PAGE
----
Is the party over?

Umar Cheema

ISLAMABAD: Although, the rumor mill has been running high for quite sometime about the premature removal of the present government, the plot now thickens triggering concerns among the civilian power players who used to laugh off such reports.

DG ISPR Maj Gen Asif Ghafoor though ruled out speculations of any unconstitutional move during Saturday’s press conference, Prime Minister Shahid Khaqan Abbasi spares no chance to remind that the technocrat government isn’t an answer to the problems plaguing Pakistan. He has done this thrice in a week.

Coming this from a person not less than prime minister makes it obvious the situation is not normal. What goes on behind the screen offers some indication how things are unfolding. A high-profile meeting took place sometime before the PM started lecturing on democracy.

It was between an influential figure of the establishment and an important office-bearer of the civilian set-up. The party is over, the civilian was told. The government can’t continue with so much mess around, the establishment man explained. Economy figured atop in the charge sheet against the present set-up. That national kitty is cash-starved was described as a cause of concern. It is impeding the ongoing projects of the army, he further declared.

Displeasure was also conveyed about Captain (retd) Safdar’s diatribe against the Qadiani community with an intention to target a certain individual. An attempt by the parliament to bring the army and judiciary under the purview of the National Accountability Bureau has also not gone well with the concerned quarters.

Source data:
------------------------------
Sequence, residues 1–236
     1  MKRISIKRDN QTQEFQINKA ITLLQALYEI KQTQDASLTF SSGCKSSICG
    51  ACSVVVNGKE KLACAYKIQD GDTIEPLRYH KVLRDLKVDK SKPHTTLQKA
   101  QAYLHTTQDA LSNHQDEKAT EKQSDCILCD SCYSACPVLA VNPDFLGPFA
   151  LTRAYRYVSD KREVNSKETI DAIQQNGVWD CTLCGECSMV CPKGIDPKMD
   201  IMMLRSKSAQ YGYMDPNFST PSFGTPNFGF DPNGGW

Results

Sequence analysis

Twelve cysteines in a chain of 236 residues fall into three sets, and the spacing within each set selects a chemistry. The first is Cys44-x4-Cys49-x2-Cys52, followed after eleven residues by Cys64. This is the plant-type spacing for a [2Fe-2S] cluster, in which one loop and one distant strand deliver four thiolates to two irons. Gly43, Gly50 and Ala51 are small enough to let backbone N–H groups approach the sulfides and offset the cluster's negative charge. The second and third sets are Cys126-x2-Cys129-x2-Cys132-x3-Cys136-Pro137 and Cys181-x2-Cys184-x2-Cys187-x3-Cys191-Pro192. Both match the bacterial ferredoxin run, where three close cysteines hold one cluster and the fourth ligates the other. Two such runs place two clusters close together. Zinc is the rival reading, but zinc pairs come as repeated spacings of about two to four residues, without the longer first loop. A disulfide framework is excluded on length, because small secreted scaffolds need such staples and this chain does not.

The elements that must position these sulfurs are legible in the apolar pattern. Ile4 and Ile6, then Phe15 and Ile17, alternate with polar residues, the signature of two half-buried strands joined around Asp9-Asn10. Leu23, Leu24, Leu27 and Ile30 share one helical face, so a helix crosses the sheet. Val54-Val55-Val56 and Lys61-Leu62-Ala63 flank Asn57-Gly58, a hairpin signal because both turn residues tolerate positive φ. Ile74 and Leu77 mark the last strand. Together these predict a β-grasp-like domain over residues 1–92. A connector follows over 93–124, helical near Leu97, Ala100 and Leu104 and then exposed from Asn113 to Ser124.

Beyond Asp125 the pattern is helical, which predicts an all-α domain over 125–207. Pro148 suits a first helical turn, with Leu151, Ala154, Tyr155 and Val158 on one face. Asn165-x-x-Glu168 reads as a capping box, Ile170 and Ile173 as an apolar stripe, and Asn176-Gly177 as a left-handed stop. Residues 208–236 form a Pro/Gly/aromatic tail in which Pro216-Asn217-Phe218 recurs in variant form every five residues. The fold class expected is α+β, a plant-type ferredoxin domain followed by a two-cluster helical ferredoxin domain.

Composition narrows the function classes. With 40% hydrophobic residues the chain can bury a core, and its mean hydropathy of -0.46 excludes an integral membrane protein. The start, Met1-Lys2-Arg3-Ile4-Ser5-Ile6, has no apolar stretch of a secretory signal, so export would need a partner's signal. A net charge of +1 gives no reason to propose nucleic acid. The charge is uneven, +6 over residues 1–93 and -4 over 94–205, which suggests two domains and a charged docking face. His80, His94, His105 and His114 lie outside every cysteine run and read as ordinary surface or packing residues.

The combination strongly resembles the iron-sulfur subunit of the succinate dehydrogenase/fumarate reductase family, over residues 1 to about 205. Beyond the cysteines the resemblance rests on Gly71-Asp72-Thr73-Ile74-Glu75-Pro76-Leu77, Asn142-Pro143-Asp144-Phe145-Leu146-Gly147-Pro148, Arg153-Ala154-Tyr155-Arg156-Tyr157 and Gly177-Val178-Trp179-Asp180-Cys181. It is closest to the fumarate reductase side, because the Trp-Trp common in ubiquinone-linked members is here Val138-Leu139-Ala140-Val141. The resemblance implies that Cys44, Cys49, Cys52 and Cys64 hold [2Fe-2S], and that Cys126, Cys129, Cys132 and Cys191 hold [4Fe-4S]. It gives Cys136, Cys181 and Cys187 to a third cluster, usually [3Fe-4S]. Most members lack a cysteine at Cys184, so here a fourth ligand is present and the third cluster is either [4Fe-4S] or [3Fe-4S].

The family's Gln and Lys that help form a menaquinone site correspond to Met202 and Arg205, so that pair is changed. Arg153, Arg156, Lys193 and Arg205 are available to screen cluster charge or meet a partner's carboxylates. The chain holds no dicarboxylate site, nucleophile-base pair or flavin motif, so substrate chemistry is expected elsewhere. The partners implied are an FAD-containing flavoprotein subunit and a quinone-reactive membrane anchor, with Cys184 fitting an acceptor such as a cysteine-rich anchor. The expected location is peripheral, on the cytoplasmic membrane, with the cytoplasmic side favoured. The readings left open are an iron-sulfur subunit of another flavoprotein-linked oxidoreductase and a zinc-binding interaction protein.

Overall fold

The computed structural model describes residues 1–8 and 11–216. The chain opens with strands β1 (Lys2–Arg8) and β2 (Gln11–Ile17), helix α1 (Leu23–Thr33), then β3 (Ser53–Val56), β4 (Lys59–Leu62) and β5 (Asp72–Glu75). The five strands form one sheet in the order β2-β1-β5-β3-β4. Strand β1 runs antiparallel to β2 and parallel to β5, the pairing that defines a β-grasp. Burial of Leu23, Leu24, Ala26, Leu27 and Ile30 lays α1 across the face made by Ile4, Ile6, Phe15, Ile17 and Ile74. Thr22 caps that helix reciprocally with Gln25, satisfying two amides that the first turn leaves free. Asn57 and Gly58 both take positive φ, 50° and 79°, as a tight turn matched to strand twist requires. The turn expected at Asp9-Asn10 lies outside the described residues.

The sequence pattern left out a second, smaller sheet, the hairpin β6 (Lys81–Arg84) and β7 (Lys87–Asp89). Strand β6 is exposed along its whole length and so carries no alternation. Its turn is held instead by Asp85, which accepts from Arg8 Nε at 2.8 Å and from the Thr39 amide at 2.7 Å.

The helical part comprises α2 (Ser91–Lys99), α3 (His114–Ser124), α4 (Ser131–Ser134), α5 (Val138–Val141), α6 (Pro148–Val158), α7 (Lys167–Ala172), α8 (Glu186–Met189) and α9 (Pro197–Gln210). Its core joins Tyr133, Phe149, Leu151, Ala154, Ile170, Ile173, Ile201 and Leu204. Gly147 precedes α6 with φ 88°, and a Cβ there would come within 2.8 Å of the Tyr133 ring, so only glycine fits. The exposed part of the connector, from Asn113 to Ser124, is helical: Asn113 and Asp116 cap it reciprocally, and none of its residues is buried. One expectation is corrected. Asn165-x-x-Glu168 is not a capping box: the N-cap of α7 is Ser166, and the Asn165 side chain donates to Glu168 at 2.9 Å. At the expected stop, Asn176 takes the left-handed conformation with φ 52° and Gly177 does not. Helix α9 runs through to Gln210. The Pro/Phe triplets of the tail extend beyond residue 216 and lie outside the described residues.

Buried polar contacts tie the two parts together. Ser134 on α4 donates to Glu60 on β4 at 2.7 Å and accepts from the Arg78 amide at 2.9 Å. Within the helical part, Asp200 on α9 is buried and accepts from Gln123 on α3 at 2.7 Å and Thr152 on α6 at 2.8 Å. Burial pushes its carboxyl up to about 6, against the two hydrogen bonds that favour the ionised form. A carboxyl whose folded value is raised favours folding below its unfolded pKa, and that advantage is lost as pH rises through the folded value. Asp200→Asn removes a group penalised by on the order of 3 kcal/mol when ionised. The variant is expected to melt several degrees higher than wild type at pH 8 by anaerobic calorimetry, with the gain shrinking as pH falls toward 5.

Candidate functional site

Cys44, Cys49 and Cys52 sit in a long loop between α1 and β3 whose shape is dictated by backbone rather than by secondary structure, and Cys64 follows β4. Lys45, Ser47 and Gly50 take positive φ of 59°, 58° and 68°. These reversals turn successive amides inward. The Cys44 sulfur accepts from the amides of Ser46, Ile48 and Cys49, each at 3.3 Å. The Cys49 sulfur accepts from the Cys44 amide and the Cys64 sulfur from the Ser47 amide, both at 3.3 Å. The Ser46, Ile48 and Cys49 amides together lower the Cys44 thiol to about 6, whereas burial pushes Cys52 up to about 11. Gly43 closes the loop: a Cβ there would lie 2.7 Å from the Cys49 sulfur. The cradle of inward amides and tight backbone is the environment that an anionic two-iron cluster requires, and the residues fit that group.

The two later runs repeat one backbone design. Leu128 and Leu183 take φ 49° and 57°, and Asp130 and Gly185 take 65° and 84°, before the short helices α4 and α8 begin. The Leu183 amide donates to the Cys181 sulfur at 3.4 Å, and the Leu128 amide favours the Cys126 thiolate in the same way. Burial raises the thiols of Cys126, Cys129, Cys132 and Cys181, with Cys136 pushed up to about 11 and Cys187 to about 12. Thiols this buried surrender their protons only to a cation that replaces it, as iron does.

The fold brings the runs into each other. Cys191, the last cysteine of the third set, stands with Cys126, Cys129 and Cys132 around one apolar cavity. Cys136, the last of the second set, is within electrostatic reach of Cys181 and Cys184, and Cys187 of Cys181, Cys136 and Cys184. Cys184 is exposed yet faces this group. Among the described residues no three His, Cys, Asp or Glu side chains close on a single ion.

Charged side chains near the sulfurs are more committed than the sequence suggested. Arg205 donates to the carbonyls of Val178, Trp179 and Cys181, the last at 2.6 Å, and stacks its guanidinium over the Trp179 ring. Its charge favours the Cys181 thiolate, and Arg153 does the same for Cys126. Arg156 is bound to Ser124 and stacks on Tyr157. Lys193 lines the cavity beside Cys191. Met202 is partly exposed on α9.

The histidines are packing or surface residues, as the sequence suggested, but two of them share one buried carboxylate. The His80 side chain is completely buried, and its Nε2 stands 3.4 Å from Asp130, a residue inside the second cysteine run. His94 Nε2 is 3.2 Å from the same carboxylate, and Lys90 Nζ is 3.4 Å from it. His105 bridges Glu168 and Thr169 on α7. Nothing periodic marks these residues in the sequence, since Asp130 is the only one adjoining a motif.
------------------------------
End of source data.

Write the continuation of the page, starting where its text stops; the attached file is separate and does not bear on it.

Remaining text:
A relentless campaign against the judiciary and bracketing it with the establishment in an effort to oust Nawaz Sharif has also offended the establishment, it was further told. The return of disqualified prime minister as party head through an amendment in law hasn’t been liked either. What will be the credibility of the government being remote-controlled by a person disqualified by the court, the establishment man wondered.

Earlier, an attempt was made to forestall the passage of the Election Bill 2017 in the National Assembly, it has separately been learnt. A number of treasury lawmakers had received calls from private numbers urging them to refrain from becoming part of its passage, an effort thwarted after contacts at political high level.

The rise of Maryam Nawaz as political heir of her father was also called into question during the meeting between the establishment man and the civilian office-bearer. Incidentally, this plan has also offended the PML-N heavyweights as well who complain that Nawaz Sharif isn’t ready to cultivate his brother as a successor despite consensus in the party, let alone non-family party members.

Considering the plan to send home the present set-up is afoot, how will it be done? Nobody is in complete picture. The background discussions with officials privy to intrigues indicate that direct intervention is not being considered a preferred option. The army chief isn’t in favour of any unconstitutional step, a point reaffirmed by the DG ISPR in Saturday’s press conference when he said whatever happens would take place within the parameters of the Constitution.